Theatre teacher Patrick McMath makes a contribution to student Dwayne Melendez. Black Press photo

How some Langley students used spare change, bake sales and candy-cane-grams to help the needy

This week, three families will have a better Christmas as a result

Every Monday morning for over a month, Langley Secondary School (LSS) students Nathalie Dafoe, Jordan Baerg and Dwayne Melendez have been going from classroom to classroom in search of spare change.

“So as you already know, we’re from the AVID (Advancement Via Individual Determination) team,” Melendez told one classroom.

“If you have anything to donate, please do.”

“We also have a bake sale,” Baerg said.

They were one of several fund-raising teams from the 23-student AVID class at LSS out to raise at least $1,000 to help two to three Langley families this Christmas.

In classroom after classroom, teachers and students dumped coins into a repurposed Halloween candy bucket.

The AVID program is unique in that it pairs one teacher with the same group of group of students over several years.

“Each year they do community outreach programs,” teacher Kendall Sewell said.

“It’s theirs to own and theirs to run and I’m just there to facilitate,” Sewell added.

“In this program, we focus on “being our best self,” with the goal of striving for academic excellence, post-secondary dreams, and bettering both ourselves and our communities.”

The students decided how they wanted to raise money, and they opted for collecting spare change, bake sales and candy candy-grams, where donors can arrange to have messages delivered to specific people with a holiday treat.

Lillian Weaver-Beck made cupcakes, cookies, rice crispy squares and brownies with classmate Sofia Andrews.

“Me and Sofia had a lot of fun baking,” Weaver-Beck said.

“It’s fun to do this for a good cause.”

“I’m surprised how much money we got,” Andrews said.

Shea MacAllister was a first-time baker who rose to the occasion.

“We needed someone to bake brownies and I’m, like, hey, that doesn’t sound too hard, MacAllister said.

“I never baked before,” Melendez said, laughing.

“I learned how to bake the weekend I was supposed to bake.”

On Friday, the campaign wrapped.

They had raised $1,300, more than the target and enough to help three families instead of two.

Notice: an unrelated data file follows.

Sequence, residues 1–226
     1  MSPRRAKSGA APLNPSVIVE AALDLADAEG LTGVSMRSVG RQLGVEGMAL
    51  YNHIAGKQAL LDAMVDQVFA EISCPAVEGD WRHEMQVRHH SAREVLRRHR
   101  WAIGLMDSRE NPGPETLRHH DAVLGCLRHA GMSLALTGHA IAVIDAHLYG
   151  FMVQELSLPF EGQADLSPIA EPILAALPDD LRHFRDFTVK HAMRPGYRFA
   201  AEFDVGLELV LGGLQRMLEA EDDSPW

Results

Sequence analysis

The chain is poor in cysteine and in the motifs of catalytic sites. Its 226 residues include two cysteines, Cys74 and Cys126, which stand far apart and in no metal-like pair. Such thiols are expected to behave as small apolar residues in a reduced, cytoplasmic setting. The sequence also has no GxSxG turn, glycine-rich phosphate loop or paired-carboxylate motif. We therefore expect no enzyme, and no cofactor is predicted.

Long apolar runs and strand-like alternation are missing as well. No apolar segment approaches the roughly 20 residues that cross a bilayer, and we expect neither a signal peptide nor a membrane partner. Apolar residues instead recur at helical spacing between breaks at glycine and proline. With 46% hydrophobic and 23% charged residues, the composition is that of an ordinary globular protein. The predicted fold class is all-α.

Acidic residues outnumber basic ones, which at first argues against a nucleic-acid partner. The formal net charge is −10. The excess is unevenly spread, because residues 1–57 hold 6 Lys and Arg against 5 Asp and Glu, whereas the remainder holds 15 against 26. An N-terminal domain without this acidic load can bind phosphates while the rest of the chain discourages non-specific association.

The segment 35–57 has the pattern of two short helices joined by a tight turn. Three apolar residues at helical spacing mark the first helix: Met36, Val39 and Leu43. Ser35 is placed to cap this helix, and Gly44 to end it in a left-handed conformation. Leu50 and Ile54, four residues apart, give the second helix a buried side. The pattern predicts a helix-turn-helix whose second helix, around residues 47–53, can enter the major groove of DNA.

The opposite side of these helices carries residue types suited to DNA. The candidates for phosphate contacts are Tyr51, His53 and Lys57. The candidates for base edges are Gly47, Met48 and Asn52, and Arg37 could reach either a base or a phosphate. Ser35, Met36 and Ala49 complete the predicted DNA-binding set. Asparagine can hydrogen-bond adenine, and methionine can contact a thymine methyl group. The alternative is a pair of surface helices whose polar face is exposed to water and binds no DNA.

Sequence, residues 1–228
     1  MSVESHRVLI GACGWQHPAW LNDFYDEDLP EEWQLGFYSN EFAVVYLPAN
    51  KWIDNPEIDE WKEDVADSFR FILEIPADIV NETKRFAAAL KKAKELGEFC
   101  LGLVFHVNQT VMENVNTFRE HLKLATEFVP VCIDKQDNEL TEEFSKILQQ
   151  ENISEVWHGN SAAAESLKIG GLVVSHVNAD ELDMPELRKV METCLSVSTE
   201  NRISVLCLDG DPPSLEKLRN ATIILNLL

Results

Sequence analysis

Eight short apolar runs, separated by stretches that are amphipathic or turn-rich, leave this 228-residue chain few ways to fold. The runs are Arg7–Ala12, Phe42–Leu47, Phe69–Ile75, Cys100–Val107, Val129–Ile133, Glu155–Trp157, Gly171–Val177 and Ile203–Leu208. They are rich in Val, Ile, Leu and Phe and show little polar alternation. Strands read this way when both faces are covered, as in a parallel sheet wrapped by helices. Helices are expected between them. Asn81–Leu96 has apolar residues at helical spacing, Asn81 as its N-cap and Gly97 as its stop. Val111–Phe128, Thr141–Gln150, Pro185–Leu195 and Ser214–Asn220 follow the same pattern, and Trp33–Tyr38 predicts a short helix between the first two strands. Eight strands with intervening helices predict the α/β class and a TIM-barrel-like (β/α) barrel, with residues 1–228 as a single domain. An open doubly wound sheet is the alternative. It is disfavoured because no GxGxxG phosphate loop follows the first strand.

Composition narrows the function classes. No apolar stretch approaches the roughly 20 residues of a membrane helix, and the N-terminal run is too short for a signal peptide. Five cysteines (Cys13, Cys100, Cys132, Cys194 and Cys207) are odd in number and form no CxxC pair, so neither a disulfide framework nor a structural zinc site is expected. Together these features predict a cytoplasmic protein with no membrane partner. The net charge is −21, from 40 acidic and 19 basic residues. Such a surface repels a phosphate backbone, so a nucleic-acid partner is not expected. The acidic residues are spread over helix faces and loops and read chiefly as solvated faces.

This week, the students were to go out as a class to purchase the gifts for the families, wrap the presents, and deliver them.

The plan was to deliver the gifts on Wednesday, Dec. 19.

“I was kind of excited to do it.” Baerg said.

“It’s good to give back to people who aren’t as fortunate as you,” Melendez said.

“To make them happy,” Nathalie Dafoe added.

Among the other Langley student holiday initiatives this season:

James Hill Elementary had a food drive to create hampers for families in need as well as a “Christmas Angels” program that involves collecting presents for families that could use assistance over the holiday season.

Fort Langley Elementary and Yorkson Creek Middle School set up “giving trees” to help the needy.

Willoughby Elementary held their annual food and gift drive. Food was collected for the Langley Food Bank and gifts are being forwarded to Ishtar House.

Gator Pod students from Walnut Grove Secondary School delivered gifts to a Langley family in need.

D.W. Poppy students organized Christmas hampers for seven needy families.

A group of Social Justice Leadership students in the school district were preparing gifts for a special visit to the Langley Youth Hub.

Langley school superintendent, Gord Stewart, praised the student efforts in an online statement:

“The Christmas season is a great time to connect with family and share in the holiday spirit. Unfortunately for some of our Langley families, this time of year can also be very challenging emotionally and financially. I greatly appreciate the efforts of students in our schools to support Christmas hampers, toy drives, the Langley Christmas Bureau, food drives, and adopt a family initiatives. These actions truly speak to the spirit of Christmas.”

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